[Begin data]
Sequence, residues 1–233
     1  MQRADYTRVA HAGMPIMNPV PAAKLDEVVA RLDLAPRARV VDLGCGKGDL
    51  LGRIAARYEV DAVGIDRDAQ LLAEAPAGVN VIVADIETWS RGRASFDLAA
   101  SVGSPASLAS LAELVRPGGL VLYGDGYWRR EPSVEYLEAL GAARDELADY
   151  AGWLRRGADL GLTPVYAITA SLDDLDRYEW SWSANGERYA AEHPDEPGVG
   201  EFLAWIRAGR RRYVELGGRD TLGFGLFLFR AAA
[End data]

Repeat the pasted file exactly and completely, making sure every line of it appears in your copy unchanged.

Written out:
Sequence, residues 1–233
     1  MQRADYTRVA HAGMPIMNPV PAAKLDEVVA RLDLAPRARV VDLGCGKGDL
    51  LGRIAARYEV DAVGIDRDAQ LLAEAPAGVN VIVADIETWS RGRASFDLAA
   101  SVGSPASLAS LAELVRPGGL VLYGDGYWRR EPSVEYLEAL GAARDELADY
   151  AGWLRRGADL GLTPVYAITA SLDDLDRYEW SWSANGERYA AEHPDEPGVG
   201  EFLAWIRAGR RRYVELGGRD TLGFGLFLFR AAA